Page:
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America owes its ramen obsession to Nissin’s Top Ramen

A ramekin full of plain ramen noodles being lifted by a fork
Photo: ncognet0 (Getty Images)
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It’s fair to say that the United States has an obsession with ramen. Outside of Asia we’re the largest consumer of ramen in the world, and while the instant version is available at seemingly every grocery store, ramen restaurants are also increasingly common across the country. And now, as laid out in an article from Food Dive senior editor Megan Poinski, it’s plain to see that we owe the proliferation of this beloved dish to one particular brand: Nissin’s Top Ramen.

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The invention of instant ramen is famously credited to Momofuku Andō, a Taiwainese businessman who founded the instant noodle company Nissin in 1958 to help combat hunger in post-WWII Japan. According to Poinski’s reporting, Andō came to see the potential for sales in the United States, and it was in 1970 when his “Top Ramen” brand first arrived stateside. One year later, in 1971, Nissin introduced the now famous (and widely copied) brand “Cup Noodles,” which Poinski writes was created in response to Andō “seeing Americans eating ramen out of cups because they didn’t have bowls large enough for ramen.”

Beyond the fact that seemingly everyone has memories of eating instant ramen, Poinski’s story is interesting because it tracks both the birth of this iconic food, and how it has evolved in recent years. While ramen was not immediately embraced in the United States, its convenience and low cost helped it become a true staple food for many households and individuals, and that remains true even today. But, as Poinski writes, consumer desires have continued to change, and Nissin has consequently evolved some of its recipes (notably to remove MSG and to reduce sodium) and introduced new flavors, sizes, and iterations.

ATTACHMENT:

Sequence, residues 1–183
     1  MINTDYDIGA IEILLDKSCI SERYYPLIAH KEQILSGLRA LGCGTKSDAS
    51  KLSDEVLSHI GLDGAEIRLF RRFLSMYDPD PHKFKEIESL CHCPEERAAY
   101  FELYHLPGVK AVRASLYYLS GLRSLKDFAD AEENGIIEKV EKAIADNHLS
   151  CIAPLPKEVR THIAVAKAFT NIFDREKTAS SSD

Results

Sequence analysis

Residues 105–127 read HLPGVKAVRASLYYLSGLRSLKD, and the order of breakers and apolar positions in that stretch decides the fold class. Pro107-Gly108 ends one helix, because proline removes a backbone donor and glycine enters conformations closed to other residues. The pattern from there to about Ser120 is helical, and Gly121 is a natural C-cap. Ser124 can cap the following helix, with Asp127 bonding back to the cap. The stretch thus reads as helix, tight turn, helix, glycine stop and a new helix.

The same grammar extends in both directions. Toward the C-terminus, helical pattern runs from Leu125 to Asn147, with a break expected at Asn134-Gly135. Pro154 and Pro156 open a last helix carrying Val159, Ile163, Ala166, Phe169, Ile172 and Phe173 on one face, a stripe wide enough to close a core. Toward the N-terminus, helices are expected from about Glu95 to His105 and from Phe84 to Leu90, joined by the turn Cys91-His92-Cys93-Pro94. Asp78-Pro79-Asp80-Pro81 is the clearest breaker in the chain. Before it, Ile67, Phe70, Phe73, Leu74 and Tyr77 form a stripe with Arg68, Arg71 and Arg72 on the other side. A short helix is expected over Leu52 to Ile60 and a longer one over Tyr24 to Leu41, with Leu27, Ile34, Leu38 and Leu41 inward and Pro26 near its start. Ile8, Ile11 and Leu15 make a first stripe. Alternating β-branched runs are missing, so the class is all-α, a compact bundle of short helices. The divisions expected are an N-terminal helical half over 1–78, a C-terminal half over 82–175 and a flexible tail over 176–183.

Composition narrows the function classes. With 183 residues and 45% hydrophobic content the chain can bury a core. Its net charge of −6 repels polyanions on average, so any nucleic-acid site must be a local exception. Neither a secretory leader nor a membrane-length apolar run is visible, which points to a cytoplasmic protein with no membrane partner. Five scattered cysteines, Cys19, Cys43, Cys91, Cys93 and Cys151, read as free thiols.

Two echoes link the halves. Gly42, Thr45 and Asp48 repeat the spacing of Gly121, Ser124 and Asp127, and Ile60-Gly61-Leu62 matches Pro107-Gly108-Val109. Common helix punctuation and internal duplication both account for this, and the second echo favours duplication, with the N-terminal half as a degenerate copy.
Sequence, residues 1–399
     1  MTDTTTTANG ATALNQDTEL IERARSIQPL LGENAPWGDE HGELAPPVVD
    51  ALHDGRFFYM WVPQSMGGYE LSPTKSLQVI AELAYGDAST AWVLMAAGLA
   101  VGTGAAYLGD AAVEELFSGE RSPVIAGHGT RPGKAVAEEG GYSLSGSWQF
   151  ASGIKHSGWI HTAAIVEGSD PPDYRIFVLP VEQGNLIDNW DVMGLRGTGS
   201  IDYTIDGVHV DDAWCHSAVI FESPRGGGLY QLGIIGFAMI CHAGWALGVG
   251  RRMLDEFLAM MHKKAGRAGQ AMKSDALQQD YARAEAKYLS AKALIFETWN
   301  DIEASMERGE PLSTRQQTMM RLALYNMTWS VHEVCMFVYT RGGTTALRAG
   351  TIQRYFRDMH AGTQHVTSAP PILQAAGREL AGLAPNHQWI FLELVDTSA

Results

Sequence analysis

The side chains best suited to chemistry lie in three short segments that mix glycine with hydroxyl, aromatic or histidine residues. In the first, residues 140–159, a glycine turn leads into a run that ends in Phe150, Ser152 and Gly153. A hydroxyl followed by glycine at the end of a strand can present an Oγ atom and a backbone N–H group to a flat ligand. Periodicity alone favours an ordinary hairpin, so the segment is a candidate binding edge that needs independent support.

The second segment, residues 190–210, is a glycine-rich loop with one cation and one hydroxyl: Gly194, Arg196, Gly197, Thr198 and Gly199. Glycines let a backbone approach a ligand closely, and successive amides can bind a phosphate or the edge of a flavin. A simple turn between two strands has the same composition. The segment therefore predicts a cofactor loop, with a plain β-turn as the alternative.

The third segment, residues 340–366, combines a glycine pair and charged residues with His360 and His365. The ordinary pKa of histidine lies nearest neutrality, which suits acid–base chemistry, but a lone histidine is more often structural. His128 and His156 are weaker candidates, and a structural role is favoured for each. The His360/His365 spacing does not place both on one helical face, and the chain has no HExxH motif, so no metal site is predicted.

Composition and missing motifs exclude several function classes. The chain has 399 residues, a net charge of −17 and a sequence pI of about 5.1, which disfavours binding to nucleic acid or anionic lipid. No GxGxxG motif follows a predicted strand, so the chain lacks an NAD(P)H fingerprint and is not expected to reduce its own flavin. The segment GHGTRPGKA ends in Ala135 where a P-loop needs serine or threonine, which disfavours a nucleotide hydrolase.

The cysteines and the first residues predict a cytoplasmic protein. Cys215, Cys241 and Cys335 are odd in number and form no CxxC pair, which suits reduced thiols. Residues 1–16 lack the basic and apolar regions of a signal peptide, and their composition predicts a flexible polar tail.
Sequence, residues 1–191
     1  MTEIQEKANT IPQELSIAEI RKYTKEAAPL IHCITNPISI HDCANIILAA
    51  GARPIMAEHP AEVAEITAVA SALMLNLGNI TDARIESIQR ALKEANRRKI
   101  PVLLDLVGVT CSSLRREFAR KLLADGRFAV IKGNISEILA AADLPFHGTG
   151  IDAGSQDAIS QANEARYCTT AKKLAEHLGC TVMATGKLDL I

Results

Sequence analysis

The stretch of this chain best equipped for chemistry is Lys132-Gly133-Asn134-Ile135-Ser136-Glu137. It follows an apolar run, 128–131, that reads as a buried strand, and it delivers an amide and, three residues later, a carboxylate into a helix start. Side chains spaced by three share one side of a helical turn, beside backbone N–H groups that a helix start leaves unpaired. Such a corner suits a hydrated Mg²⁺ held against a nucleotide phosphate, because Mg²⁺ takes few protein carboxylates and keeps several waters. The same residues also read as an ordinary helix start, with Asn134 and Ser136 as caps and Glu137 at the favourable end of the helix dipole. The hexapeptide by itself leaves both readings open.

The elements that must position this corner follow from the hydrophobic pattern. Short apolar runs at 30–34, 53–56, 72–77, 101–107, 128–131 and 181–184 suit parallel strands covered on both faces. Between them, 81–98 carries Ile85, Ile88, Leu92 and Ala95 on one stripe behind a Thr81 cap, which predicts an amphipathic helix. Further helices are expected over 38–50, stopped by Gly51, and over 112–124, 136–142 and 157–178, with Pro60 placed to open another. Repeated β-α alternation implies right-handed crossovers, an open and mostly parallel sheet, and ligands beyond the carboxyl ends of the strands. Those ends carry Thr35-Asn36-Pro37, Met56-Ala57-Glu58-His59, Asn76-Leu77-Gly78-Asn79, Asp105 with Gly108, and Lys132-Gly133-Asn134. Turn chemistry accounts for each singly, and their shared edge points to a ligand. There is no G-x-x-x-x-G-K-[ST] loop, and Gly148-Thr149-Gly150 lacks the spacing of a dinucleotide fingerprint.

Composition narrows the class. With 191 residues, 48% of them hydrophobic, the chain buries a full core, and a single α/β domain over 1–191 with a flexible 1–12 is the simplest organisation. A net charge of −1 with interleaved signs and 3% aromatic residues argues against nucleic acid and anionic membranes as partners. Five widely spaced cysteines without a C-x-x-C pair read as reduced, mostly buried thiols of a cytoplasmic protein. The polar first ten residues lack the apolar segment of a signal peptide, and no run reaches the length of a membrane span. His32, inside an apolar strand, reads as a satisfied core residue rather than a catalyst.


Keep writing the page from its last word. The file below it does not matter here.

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If you’re a fan of ramen, instant or otherwise, this is a story you’ll enjoy reading. And even if these noodles aren’t to your liking, it’s worth considering that with the embrace of instant ramen came a greater interest in restaurant quality ramen, and, I would argue, a greater acceptance of Japanese cuisine in general.

Jacob Dean is a food and travel writer and psychologist based in New York. He likes beer, less traveled airports, and is allergic to grasshoppers (the insect, not the mixed drink.)

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DISCUSSION

I’m glad ramen restaurants are becoming a thing in the US, although I’ll be happier when the inevitable suburbanization of the cuisine happens; in Portland in 2015, I found the experience needlessly obtuse (being 38 years old at the time probably didn’t help me any on that front.)

But that will come with time. We’ve Americanized other foods from around the world, and at risk of sounding especially uncultured in that suburban-middle-age sort of way, I think the food’s better for it.